Design Like You Give a Damn covers many other, equally innovative (though less publicized) initiatives by architects around the globe -- from northern Ireland to Chile, Vietnam, India, Alabama, Los Angeles and NYC. It's definitely worth picking up.

Military recruiters raping female enlistees

This CBS News story about the high number of women being raped and assaulted by military recruiters is scary.

According to the piece, which is based on a 6-month AP investigation,

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The most vile promotion ever

You've gotta be kidding me... The EWG (Environmental Working Group) summarizes the ultimate match made in hell better than I could:

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How do we shatter the glass ceiling?

In a recent WaPo article, writer Shankar Vedantam confirms that it helps all female workers when women get hired in high-ranking management positions.

Covering the conclusions of a new Montreal sociology study, Vedentam notes that American women "earn substantially more money and narrow the long-standing gender gap in income if other women in their workplaces reach the ranks of senior management."

Interesting stuff, non? The study, based on 1.3 million American workers in nearly 30,000 jobs and 79 metropolitan areas, confirms that when women break through the proverbial glass ceiling, it sweetens the pot for other female employees.

The piece also reveals that even within the same industry or a single company, women workers are, generally, not equally represented in high- and low-profile divisions. As Cynthia Fuchs Epstein, a sociologist at CUNY, summarizes in the article, "one reason men are more likely to reach upper management, is that the express elevators to the top -- high-profile jobs -- tend to be filled with men, whereas the elevators that stop at more floors along the way tend to be filled with women."

I'm not so sure about the elevator reference, but the study is certainly food for thought; an indication that, even if we disagree with their politics (Hi, Hillary and Condi!) it's a boon for American women when female politicans are elected to high-ranking positions.

A New Constitution for Bush

This is pretty hilarious. Via Massachusetts-based satire website CrystalAir:

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The NSA is watching you

In a crazy blockbuster scoop today, USA Today (of all places!) revealed that the scope of the NSA's citizen-spying is much, much worse than we'd thought -- and much, much more extensive than Bush confessed to back in December.

Apparently, the NSA now holds a "a complete listing of the calling histories of millions of customers" and one source claimed it was "the largest database ever assembled in the world." (Um...whoa.)

According to USA Today:

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Pop star rips Bush a new one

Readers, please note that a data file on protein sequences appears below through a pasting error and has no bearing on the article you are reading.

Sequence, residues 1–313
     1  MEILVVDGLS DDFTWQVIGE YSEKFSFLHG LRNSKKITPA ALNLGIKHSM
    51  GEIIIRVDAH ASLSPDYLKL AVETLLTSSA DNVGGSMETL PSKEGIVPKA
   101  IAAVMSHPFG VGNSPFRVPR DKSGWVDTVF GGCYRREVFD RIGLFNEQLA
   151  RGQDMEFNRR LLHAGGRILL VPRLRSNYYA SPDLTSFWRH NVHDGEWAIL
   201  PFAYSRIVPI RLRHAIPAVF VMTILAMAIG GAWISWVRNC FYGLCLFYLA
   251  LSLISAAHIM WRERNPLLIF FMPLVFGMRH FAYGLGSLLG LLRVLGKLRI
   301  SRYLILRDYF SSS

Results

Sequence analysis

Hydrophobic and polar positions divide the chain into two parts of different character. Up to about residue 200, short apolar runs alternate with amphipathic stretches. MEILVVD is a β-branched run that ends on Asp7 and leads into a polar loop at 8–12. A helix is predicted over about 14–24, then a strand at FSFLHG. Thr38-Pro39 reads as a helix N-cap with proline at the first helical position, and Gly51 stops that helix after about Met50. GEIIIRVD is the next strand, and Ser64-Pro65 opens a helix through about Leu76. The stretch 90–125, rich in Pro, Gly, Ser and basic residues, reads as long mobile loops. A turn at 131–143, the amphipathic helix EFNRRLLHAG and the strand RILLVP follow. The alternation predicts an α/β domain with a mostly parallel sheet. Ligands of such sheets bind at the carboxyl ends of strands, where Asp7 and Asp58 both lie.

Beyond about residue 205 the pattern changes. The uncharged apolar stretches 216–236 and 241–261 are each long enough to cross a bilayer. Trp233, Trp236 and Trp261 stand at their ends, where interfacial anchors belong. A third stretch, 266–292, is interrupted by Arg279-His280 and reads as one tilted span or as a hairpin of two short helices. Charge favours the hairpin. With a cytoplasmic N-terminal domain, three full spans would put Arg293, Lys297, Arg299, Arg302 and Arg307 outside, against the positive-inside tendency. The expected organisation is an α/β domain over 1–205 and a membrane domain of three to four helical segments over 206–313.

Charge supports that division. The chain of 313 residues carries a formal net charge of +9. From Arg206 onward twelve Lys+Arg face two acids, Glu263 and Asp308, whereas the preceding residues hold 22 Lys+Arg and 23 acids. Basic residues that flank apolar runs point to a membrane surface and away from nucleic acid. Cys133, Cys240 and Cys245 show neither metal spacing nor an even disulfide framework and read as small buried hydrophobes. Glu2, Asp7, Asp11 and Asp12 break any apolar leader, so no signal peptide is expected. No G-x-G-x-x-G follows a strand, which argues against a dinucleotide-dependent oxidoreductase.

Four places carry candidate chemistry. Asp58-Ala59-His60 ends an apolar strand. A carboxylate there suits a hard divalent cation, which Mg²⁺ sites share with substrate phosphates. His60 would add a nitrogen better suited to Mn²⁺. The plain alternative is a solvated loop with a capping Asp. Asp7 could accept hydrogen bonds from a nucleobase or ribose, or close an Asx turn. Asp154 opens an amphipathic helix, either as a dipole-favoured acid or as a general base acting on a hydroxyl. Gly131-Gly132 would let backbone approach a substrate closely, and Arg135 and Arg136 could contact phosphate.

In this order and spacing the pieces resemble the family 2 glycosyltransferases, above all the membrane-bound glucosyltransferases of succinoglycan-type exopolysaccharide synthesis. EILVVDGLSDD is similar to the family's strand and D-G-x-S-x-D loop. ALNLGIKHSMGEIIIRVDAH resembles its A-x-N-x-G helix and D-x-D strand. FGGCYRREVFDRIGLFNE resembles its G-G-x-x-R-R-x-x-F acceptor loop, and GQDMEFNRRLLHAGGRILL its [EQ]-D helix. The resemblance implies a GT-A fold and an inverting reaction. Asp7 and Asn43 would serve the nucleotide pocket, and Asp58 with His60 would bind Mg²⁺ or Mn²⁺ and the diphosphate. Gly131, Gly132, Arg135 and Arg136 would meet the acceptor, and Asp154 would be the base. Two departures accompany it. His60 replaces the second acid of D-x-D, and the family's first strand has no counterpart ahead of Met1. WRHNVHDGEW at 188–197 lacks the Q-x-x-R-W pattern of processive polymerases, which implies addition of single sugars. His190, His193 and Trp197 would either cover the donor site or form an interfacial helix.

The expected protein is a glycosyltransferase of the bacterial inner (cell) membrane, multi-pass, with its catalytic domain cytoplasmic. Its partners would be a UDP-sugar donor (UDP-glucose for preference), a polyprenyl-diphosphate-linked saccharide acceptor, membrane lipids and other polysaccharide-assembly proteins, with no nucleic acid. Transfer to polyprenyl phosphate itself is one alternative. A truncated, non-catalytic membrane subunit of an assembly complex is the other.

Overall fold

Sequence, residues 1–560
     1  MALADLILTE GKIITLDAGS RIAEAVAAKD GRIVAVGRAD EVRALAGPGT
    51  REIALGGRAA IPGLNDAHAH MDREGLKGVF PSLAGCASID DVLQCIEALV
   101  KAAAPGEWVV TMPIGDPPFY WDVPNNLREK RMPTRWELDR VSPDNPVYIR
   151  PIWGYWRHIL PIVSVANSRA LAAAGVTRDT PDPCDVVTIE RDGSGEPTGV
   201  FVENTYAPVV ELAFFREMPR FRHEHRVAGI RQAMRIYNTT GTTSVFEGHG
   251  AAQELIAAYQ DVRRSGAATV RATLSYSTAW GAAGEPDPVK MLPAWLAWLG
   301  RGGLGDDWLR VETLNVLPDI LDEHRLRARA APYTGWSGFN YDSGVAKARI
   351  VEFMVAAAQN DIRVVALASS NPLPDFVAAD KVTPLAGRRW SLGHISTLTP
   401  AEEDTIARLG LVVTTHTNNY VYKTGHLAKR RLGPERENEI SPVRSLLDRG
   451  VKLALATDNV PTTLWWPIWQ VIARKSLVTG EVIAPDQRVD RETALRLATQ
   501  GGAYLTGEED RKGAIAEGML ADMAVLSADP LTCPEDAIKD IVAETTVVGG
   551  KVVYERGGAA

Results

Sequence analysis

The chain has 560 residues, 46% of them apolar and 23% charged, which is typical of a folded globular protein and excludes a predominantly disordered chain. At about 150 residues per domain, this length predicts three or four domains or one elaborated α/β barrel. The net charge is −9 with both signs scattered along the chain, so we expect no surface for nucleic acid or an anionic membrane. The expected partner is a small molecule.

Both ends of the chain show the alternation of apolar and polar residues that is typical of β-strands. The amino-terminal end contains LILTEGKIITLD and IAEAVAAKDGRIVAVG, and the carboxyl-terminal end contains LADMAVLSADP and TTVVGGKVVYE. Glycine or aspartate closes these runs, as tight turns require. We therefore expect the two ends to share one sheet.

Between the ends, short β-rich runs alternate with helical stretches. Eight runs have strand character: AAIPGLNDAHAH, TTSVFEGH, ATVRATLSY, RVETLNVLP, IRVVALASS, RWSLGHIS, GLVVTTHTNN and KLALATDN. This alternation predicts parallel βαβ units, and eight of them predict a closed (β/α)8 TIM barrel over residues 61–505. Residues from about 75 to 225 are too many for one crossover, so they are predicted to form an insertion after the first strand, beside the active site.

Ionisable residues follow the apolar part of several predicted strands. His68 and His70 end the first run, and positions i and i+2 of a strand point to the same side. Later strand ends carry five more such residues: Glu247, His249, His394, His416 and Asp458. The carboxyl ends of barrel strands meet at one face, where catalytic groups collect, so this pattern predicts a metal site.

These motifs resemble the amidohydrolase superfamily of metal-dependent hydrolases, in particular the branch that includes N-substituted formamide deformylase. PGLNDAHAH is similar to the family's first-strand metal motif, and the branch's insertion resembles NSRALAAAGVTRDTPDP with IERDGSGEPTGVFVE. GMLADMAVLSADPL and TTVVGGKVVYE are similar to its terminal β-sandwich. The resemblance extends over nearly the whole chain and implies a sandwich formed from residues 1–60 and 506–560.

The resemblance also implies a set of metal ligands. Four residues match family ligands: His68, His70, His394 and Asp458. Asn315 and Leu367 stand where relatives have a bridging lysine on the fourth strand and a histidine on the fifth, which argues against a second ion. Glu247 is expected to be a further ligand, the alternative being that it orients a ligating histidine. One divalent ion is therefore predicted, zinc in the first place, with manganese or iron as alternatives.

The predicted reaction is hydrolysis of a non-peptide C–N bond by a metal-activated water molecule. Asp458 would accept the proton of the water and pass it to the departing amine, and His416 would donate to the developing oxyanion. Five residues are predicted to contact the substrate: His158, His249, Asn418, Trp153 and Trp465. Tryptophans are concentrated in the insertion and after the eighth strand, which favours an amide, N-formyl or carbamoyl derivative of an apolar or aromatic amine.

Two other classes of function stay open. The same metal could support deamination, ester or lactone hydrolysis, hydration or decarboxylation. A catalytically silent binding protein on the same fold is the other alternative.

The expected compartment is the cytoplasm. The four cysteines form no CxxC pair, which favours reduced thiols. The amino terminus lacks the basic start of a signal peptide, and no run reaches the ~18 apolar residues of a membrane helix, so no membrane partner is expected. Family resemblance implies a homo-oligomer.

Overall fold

Once upon a time, as a fresh-faced college graduate in the year 2000, I landed a job as an editor at a teen magazine in NYC. My job was to interview and write about all the bubbly blond celebrities coming down the pike. These were the days of Britney and Justin (together! forever in love! and virginal!), the Backstreet Boys, and Mandy Moore -- when she was all of (eeeeep) fifteen years old.

One day, a crazy new pop act calling herself "Pink" came to our office for an interview. She was small and charming, with short platinum blond hair and an actual brain, which she actually -- shockingly -- ventured to use during the course of our interview. (See, most of the new wannabe celebrities we interviewed had been thoroughly trained by their PR peeps before coming to us. They said and did little beyond smiling, nodding, tossing their hair around and professing their bountiful love of singing.)

Anyway, Pink was the first -- and only -- burgeoning celebrity I'd met at that point who seemed bright and passionate enough to get somewhere. Thankfully, she didn't seem "trained." She spoke openly about her sordid past as a crazy club kid in Philadelphia, about her adolescent dalliances with hardcore drugs and about how -- and why -- she wanted to make it. She said she wanted to help empower other young women, which I found impressive.

And she wrote most of her own music, which was -- seriously -- a big deal among teenybop pop tarts back then. She actually seemed, well, cool.

Sure, her songs were kinda cheesy. But she had a pretty voice, and at least she was writing her stuff herself, and she cared about something bigger than, well, her own rising fame and fortune. (Oh, and lest I forget -- she complimented me on my hair, which was platinum with, yes, pink streaks back then.)

In the last six years, Pink has become a full-fledged pop star, floating in and out of the Billboard charts as well as the tabloids. She's made a name for herself as a smart and outspoken singer-songwriter who dares to broach subjects like body image, domestic abuse and, now, the sheer incompetence of president Bush.